Seattle Food Costs
From fresh-caught seafood to locally sourced produce to international dishes, Seattle has nearly every type of cuisine imaginable. It's important for residents to find restaurants that not only suit their preferences but fit within their budget. Fortunately, there are excellent food options, whether it's grocery shopping, finding local fish and produce at the farmer's market, or going out to eat at one of the city's many exquisite restaurants.
The cost of food plays an integral role in a resident's lifestyle. Fortunately, Seattle has many grocery store options for nearly every palette imaginable, in almost every price range. The Seattle-Tacoma Metropolitan area has hundreds of grocery stores, from nationwide chains to local bodegas. For Seattle residents looking for affordable grocery stores, the most popular choices are Chef Store, Fred Meyer, Grocery Outlet, Big John's PFI, and Costco. On average, a household of four will pay almost $6,000 per year on groceries, accounting for approximately 12.1% of their total yearly budget.
Among its many attractions and world-class amenities, one of the biggest draws of moving to Seattle is its food culture. From homestyle favorites to fine dining, residents have options regarding local restaurants and international offerings. Yet, like in many areas, the price of dining out has increased. While this can produce sticker shock, plenty of affordable dining options can suit any palate. There are hundreds of restaurants to choose from in the Seattle area, from fresh seafood to Japanese cuisine and nearly everything in between. The average diner traveling to Seattle can expect to spend around $40 per day dining out.
Transportation Costs in Seattle
Another essential factor to consider before moving to a new area is transportation. Fortunately for Seattle residents, there are various transportation options in nearly every city corner. For car owners, an essential factor that needs to be considered is the expense of driving and keeping a vehicle in the city. Due to the congestion of traffic, driving in Seattle is more expensive than in other parts of the country. On average, it costs drivers approximately $900 per year (or $75 per month) to insure a vehicle in Seattle, 23% more expensive than the state average. Another important factor is fuel costs. On average, it costs $4 per gallon to fuel up in Seattle, while the national average is approximately $3.40 per gallon. Depending on one's commute and work location, the cost of parking needs to be considered.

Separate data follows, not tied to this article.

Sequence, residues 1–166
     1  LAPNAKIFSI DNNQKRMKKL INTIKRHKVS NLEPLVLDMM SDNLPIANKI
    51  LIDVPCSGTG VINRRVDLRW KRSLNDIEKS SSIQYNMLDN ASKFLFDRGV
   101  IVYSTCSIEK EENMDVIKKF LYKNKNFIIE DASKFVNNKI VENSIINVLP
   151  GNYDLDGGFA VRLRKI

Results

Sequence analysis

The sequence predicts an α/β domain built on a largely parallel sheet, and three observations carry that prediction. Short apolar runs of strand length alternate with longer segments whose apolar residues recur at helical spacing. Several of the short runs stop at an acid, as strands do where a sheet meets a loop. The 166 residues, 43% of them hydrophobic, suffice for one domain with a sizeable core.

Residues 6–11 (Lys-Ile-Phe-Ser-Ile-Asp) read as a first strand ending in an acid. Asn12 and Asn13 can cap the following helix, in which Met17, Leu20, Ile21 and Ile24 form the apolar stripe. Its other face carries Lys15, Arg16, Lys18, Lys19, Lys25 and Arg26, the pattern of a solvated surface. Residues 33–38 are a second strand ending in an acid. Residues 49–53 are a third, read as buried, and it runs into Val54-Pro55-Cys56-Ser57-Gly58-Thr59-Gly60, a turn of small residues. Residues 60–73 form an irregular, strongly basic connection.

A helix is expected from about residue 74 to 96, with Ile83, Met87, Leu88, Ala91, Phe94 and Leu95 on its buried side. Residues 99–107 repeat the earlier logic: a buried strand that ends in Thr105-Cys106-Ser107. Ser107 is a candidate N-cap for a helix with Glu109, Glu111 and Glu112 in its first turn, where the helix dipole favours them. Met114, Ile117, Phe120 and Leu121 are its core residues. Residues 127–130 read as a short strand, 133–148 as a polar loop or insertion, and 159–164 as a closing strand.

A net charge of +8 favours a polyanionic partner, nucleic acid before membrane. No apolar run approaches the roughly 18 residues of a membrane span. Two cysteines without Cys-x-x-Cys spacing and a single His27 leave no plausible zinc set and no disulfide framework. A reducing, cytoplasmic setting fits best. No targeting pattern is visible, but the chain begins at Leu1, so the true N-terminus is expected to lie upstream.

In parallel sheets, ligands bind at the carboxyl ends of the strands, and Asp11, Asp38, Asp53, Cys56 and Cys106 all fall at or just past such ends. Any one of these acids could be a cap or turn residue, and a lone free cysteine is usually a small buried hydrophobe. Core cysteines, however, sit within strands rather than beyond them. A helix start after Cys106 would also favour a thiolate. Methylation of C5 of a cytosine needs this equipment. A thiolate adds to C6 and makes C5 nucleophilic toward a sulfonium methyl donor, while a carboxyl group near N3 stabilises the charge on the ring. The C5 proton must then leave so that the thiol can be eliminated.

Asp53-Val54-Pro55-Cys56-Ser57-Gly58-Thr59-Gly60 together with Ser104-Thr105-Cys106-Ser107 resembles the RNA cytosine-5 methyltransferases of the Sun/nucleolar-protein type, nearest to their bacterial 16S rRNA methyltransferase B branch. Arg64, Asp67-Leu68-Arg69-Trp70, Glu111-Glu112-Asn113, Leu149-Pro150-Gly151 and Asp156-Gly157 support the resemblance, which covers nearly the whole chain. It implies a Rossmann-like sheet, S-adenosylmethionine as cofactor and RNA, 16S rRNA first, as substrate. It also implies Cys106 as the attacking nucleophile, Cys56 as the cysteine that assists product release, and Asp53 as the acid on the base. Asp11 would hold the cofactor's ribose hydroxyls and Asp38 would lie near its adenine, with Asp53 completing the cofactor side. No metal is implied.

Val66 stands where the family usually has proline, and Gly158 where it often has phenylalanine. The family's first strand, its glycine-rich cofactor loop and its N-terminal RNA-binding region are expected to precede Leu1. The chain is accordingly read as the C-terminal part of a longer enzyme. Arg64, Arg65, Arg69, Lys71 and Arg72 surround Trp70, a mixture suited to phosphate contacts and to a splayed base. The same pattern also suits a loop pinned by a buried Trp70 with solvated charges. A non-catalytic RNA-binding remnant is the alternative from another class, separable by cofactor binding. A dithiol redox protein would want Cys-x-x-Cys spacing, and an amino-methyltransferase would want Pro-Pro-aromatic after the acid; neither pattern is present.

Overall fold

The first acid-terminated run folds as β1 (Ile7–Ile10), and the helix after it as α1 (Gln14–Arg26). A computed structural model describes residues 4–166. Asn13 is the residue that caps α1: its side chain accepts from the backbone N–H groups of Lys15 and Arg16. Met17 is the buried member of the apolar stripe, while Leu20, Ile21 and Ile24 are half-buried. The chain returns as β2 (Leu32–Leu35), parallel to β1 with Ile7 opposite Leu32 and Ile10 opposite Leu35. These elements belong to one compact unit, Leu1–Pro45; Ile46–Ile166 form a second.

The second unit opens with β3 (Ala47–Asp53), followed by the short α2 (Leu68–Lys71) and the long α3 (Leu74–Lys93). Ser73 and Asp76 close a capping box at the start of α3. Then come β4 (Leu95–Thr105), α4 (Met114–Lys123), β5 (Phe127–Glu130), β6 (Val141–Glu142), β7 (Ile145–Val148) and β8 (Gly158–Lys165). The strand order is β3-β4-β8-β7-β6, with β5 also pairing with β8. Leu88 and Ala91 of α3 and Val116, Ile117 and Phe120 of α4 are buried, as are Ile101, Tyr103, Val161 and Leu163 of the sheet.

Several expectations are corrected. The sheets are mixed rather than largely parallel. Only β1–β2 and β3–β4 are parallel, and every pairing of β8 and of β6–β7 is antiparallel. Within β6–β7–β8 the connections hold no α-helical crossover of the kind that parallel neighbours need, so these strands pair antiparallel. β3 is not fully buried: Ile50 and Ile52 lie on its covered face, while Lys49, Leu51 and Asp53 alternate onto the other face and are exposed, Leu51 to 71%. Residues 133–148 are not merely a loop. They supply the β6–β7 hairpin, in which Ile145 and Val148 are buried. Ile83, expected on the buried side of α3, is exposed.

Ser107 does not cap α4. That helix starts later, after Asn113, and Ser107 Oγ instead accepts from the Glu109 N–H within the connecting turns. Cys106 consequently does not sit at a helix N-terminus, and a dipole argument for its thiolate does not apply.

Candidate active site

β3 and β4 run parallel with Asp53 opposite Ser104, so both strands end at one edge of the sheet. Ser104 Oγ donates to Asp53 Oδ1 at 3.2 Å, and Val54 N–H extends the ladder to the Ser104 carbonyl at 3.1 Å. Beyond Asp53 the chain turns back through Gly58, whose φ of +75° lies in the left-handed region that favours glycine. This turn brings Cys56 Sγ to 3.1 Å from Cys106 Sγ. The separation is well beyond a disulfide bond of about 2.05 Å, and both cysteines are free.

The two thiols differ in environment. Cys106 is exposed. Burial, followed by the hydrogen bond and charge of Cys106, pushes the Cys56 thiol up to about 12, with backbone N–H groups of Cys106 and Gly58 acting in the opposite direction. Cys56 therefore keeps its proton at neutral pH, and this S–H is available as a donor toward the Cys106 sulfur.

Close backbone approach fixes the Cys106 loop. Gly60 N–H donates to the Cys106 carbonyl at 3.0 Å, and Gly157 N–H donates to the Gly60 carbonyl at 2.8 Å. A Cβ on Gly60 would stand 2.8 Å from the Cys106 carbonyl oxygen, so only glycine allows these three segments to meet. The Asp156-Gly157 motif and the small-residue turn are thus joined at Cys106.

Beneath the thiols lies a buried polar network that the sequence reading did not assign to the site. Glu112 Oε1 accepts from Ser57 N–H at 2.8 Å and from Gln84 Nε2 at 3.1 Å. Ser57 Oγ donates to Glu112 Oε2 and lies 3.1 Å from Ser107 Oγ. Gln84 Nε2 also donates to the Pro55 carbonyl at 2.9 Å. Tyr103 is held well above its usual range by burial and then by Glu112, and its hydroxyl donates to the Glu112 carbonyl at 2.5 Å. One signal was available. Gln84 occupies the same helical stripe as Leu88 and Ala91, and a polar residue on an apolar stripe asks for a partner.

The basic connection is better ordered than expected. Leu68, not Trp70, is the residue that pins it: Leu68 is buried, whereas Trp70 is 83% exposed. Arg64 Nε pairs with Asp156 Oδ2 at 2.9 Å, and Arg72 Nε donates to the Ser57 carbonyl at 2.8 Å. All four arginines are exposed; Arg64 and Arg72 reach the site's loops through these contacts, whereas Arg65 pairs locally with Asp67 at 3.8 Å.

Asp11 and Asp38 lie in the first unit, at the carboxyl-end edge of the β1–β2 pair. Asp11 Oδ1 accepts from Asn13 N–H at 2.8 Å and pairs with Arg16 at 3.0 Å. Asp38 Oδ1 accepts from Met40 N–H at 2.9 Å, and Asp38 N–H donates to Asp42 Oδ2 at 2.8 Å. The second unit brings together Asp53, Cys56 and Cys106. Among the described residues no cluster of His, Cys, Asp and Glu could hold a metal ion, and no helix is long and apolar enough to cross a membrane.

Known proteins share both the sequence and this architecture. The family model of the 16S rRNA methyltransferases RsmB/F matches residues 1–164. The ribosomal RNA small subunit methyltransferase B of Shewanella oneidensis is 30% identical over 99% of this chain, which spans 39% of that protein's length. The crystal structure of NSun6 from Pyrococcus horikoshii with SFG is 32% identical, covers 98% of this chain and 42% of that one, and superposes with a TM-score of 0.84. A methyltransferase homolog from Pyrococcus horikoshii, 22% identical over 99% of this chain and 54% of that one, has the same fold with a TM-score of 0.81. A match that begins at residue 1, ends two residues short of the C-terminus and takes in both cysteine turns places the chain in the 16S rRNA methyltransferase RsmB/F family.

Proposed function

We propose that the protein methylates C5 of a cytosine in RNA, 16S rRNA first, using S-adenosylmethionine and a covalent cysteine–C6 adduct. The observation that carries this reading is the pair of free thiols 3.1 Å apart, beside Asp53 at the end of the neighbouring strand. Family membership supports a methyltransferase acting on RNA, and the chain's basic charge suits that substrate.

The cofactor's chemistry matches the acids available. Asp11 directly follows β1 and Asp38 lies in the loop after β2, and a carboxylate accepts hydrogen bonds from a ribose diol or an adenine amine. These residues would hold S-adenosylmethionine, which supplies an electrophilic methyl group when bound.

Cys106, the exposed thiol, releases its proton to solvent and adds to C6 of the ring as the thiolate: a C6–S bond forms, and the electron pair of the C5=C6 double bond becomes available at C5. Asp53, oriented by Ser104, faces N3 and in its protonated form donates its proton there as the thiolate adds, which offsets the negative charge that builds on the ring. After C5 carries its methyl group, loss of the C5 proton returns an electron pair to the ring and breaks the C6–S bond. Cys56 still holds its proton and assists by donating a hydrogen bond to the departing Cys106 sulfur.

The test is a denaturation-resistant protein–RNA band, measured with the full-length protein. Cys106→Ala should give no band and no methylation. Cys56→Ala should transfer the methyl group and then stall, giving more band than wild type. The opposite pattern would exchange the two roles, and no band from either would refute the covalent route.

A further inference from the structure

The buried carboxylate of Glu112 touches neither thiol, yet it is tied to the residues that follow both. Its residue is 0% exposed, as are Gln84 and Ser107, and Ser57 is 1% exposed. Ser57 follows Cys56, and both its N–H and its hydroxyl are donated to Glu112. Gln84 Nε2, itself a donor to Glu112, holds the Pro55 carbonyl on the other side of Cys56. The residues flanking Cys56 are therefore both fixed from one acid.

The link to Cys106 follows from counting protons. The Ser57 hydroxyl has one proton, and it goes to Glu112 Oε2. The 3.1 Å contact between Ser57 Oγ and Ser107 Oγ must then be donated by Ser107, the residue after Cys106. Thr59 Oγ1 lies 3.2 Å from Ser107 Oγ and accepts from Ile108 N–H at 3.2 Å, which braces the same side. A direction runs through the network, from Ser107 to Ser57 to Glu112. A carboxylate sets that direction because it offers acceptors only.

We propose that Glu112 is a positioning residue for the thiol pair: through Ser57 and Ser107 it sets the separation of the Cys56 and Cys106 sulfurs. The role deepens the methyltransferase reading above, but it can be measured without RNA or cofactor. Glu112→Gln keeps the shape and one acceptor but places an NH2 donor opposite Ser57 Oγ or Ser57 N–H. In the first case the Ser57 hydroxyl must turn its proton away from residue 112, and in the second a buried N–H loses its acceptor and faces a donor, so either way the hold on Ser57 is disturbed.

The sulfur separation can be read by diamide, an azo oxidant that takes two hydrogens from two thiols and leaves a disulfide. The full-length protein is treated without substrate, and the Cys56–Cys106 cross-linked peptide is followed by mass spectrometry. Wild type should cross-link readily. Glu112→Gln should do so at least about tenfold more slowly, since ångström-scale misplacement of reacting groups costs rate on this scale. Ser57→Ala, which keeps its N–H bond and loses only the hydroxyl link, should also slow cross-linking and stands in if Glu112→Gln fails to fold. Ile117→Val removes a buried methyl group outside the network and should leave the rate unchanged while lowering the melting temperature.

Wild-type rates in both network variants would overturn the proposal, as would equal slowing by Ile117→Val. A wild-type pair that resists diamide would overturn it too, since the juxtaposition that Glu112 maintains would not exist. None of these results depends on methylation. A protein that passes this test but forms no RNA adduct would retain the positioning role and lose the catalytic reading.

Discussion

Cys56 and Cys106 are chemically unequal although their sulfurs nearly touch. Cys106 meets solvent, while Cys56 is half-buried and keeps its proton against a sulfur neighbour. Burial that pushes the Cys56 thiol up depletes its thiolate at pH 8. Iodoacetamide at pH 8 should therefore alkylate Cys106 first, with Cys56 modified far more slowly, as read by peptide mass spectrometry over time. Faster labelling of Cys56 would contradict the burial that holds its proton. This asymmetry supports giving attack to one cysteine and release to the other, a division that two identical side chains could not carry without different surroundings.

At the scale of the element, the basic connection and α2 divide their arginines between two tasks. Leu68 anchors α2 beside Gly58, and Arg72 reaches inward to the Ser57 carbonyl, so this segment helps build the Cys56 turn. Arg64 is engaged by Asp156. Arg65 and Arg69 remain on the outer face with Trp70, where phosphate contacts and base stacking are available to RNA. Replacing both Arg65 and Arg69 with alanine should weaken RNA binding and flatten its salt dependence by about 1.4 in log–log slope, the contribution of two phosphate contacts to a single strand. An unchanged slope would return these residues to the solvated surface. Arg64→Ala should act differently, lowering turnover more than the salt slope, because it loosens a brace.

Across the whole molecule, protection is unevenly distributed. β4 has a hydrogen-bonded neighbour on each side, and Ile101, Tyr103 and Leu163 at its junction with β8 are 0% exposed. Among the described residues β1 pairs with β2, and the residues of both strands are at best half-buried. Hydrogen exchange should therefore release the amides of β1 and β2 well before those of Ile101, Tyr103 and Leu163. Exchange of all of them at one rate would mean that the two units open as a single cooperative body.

While many residents drive cars, many choose alternative transportation options, including ride shares, cycling, walking, and public transit. The City of Seattle's public transport system, the Seattle Streetcar, has tons of bus routes that travel to many different parts of the city. Many people also take ferries and bicycles as alternative modes of transit.
Healthcare Costs in Seattle
Many Seattle residents will see savings in their healthcare costs. Compared to other areas in the country, Seattle has lower than average healthcare costs, at around 14.8% lower than the national average. Even better, Seattle residents have access to some of the best healthcare options in the state of Washington. Residents have access to healthcare fields in general/preventative medicine, dental, vision, and emergency healthcare. Seattle also provides veterinary care for local pet owners.
Seattle provides many affordable healthcare providers, including Neighborcare Health, Country Doctor Community Health Centers, YWCA Healthcare Access, Sea Mar Community Health Centers, and more. On average, a single adult can expect to pay up to around $1,000 per year for an employer-sponsored healthcare plan (after employer contribution).